Godre’rgraig was noted to have had a very high percentage of pupils from the catchment area, reflecting that it was a village/community school; the transfer to Pontardawe was intended to be temporary, therefore Members asked for an update on the status of mitigating the quarry spoil and/or establishing a new school for the community on an alternative site. It was stated that any proposal that would be brought forward as part of the consultation process would be given proper consideration and would be reported back to Members. Officers explained that although Godre’rgraig Primary School was currently in temporary accommodation, the school wasnt involved in the proposal due to that situation, and that it was a requirement to include this information in the report as it was a factor that was currently impacting Godre’rgraig. Members were informed that school re-organisation proposals were always brought forward based on the 4 principles (Educational Standards, Need for Places and Accessibility of Schools, Quality of Accommodation and Effective Financial Management) and from looking at those principles, the school was agreed to be suitable to consult with stakeholders around providing a 21st century education for the pupils. It was added that Godre’rgraig was included in the first proposal in 2015, as well as the current proposal, therefore even if the school wasn’t in temporary accommodation, it would still be included within the proposal.
Members raised concerns in relation to the public being able to respond to the consultation without having details in relation to the access road to the proposed new school; it was highlighted that the current road already had been assessed as having multiple issues with highway safety and there were a significant amount more pupils that would need to be transported via that road if the proposal were to be agreed. It was highlighted that issues raised around access would be a condition of planning; the Councils planning processes require a pre-application planning and a full planning process, both of which are very rigorous. Therefore, if the proposals were approved and moved to the stage of planning, those who had raised concerns, would receive full information on this matter.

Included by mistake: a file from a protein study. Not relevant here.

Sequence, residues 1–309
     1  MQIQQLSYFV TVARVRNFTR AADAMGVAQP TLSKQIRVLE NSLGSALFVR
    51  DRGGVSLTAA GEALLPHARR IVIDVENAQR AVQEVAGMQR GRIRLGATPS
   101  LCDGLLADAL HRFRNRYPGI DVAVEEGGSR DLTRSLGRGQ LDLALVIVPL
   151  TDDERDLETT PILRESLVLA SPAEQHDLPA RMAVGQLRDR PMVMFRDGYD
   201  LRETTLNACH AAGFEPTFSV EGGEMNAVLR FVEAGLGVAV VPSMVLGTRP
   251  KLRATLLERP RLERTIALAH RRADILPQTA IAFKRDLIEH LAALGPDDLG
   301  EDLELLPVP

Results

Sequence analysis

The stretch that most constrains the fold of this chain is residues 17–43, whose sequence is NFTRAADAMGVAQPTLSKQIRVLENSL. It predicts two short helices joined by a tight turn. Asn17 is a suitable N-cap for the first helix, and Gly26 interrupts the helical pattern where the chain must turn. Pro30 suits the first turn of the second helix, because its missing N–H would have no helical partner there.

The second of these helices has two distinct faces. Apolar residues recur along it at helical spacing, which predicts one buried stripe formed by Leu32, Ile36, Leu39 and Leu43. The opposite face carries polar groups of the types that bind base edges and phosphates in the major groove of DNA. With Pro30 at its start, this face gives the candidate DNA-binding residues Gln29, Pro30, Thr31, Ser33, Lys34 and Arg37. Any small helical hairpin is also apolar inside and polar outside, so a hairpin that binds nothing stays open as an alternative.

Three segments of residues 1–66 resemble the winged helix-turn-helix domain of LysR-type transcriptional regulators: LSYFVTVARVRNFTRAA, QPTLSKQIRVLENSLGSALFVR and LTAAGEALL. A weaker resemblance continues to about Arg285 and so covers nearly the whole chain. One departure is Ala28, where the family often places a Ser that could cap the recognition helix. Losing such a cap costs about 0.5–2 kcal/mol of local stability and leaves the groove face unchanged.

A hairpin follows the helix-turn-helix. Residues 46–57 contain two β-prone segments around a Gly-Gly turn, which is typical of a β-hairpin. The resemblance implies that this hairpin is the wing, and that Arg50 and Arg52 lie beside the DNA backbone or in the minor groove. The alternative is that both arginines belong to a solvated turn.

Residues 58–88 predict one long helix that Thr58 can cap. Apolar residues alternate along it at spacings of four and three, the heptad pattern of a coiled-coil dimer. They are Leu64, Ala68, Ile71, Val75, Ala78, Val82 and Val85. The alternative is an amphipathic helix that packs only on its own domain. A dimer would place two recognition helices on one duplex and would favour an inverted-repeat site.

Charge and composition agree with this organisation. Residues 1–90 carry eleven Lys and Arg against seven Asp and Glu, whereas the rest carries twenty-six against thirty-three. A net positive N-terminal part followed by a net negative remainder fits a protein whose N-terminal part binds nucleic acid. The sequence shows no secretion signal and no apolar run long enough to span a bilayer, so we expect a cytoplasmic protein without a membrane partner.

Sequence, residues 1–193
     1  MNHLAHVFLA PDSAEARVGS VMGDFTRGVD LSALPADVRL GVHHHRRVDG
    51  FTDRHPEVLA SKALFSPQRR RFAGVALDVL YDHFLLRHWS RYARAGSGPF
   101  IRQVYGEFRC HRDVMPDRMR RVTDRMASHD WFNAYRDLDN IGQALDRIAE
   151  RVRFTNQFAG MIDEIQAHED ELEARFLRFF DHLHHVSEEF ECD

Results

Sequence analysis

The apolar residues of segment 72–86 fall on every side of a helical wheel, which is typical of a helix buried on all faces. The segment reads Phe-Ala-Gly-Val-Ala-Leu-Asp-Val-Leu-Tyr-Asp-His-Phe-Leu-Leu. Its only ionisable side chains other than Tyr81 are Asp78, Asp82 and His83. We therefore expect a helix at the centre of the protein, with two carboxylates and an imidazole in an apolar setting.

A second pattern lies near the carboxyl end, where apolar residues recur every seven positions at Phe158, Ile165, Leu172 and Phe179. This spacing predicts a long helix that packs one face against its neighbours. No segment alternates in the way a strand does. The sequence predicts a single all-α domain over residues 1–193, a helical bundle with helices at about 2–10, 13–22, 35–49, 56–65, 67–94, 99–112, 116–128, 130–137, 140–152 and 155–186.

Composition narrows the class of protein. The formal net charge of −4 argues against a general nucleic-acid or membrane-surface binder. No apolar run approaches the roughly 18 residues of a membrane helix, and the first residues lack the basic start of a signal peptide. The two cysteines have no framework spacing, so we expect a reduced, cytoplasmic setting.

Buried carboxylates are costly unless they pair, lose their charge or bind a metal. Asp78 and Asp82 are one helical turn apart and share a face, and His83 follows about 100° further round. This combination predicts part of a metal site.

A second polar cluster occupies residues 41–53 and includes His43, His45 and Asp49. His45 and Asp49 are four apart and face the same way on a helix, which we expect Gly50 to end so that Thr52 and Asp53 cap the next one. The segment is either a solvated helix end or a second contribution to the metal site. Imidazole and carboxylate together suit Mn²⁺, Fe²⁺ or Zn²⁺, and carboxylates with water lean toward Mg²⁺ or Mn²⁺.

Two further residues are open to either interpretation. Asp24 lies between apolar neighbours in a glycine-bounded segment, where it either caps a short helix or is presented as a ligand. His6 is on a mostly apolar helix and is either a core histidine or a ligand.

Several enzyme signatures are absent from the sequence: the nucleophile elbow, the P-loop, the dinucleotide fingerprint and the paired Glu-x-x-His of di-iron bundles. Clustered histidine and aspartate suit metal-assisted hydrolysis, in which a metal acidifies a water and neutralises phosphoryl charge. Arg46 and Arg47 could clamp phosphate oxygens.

Detailed within the circulated report it states that the School Travel Plan requires that all schools, together with the Council’s Road Safety Team, were committed to improving road safety within the local community and raising awareness about travel issues; Members asked if Officers could confirm that the proposal satisfies those requirements. It was mentioned that the 21st Century Schools Programme, from a highways perspective, enabled a significant part of the budget to be set aside for highways improvement; planning approval would not be granted unless the traffic management arrangements in that area was significantly improved. It was added that the proposed site had a lot of land and space for factors such as, turning buses and staff parking, which would assist in accessibility. Officers were confident that if the proposal was to go-ahead, the current situation would be improved due to the requirements from the Councils Highways and Planning departments, as it had been a similar process for other new school developments in the County Borough.
Members highlighted that the report detailed concerns regarding the possible effect on nursery pupils, and asked how this would be addressed in the proposal. Officers confirmed that the concerns were raised during the informal discussions and that the consultation period would identify the extent of these issues; Officers would need to understand from this, how significant an issue it is for how many people in order to respond.
In relation to the preferred option six contained within the circulated report, which anticipated that 140 nursery pupils would be attending the nursery, Members asked how confident Officers were that this many would attend; it was stated that given past experiences, Officers would be confident that the nursery would reach full capacity.
Contained within the circulated report Fields in Trust had stated that it was responsive to local change and flexible in its dealings with landowners and will be happy to consider a possible exchange of land to accommodate the new school; Members expressed their concern in relation to losing parts of the land which currently suited a range of activities including sports and a children’s playground. Officers mentioned that the playing field permits were with the ground maintenance leasing arrangements that all of the Councils playing fields were under; the ground maintenance were responsible for issuing all games within the Neath and Swansea Valley area, and currently there wasn’t an extensive use of the playing field at Parc Ynysderw. It was noted Officers had dealt with Fields in Trust many times and were looking at a range of options together, however weren’t able to enter into any agreements just yet; discussions had taken place with both Fields in Trust and those who issue the permits regarding the fields.